A control group was fed a high protein formula with regular amounts of carbohydrate, and the intervention group had a very high protein, low carbohydrate formula.
Both feeds had a caloric density of about 1kcal/ml, but the protein in the experimental group was about 50% higher at 92g/L while the carbohydrates were about a third lower at 76g/L, and the fat content was fairly similar in both groups at 38 and 34g/L. The aim was to deliver 1.5g/kg of ideal body weight per day of protein.
The primary endpoint was the rate of glycaemic events in the first seven ICU days as defined by blood glucose levels outside the interval of 6.1 to 8.3mmol/L. Secondary endpoints included blood glucose, markers of nutritional status, urine and serum ketones, insulin and dextrose administered, and clinical outcomes.
One hundred and five patients were randomised (53 control and 52 experimental) and 102 were included in the intention to treat (ITT) analysis. There were 51 patients in each arm. The groups were similar apart from a greater number of women in the control group.
Regarding nutritional intake, the experimental group received significantly fewer calories and carbohydrates than the control group as planned, and both groups received about the same amount of protein. Over the seven days of the study, caloric intake was about 60% of the planned intake in both groups, and slightly more than 60% of the protein target, which was 1.2g/kg compared to the target of 1.5g/kg.
Looking at the primary endpoint, there was no difference between the groups in the rate of glycaemic events outside of the intervals (6.1 to 8.3mmol/L). In the experimental group there was a higher rate of glycaemic events in the normal range of 4.4 to 6.1mmol/L but these are not defined as hypoglycaemic. In the same group there was a lower rate of marked hyperglycaemia (>8.3mmol/L). The mean glucose was lower in the experimental group by almost 1mmol/L (p=0.004). There was no difference in the rates of hypoglycaemia (<4.4mmol/L), and there was a smaller glycaemic dispersion in the experimental group (p=0.0015). There was a significant decrease of 11% in the frequency of insulin administration in the experimental group and there was no difference in the amount of rescue dextrose that had to be used.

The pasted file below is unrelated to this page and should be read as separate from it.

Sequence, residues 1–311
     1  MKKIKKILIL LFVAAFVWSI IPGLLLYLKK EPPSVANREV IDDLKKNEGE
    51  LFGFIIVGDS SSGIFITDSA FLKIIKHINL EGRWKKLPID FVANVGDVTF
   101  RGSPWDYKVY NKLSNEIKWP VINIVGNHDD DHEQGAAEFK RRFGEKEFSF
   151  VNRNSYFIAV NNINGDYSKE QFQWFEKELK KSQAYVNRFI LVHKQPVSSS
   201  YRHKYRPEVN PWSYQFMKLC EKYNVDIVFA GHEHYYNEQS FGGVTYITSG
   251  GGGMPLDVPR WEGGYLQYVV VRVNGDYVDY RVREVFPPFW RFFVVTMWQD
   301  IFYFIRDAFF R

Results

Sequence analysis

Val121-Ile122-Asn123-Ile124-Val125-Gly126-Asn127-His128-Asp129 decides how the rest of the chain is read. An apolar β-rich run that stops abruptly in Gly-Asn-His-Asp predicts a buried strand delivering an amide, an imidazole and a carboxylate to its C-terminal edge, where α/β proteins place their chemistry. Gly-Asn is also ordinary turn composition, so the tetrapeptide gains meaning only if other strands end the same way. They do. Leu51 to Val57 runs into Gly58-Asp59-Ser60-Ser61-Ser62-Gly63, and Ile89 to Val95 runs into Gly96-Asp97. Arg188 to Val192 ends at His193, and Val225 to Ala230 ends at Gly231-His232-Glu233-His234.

There was an increased frequency of abdominal distension in the experimental group, which may have been due to the formula and to intolerance of higher protein levels. Distension was considered to be related to the formula in one case in the control group and one in the experimental, which was withdrawn from one patient. Overall there was no difference between groups in the number of patients with adverse events. Mortality was not significantly different, but was numerically lower in the experimental group with two deaths (4%) compared to six (12%).
To conclude, in the DIVINE study a very high hydrolysed whey protein and low carbohydrate formula facilitated blood glucose control in critically overweight and obese patients. Although the formula did not reduce the incidence of blood sugar events outside the interval of 6.1 to 8.3mmol/L, it did lower the dispersion of blood glucose, resulted in a lower incidence of hyperglycaemia (>8.3mmol/L), increased the incidence of normoglycaemia and decreased insulin use without increased adverse events.
Satellite Symposium Proceeding from ESICM 2017
30th Annual Congress – Vienna,
25th September 2017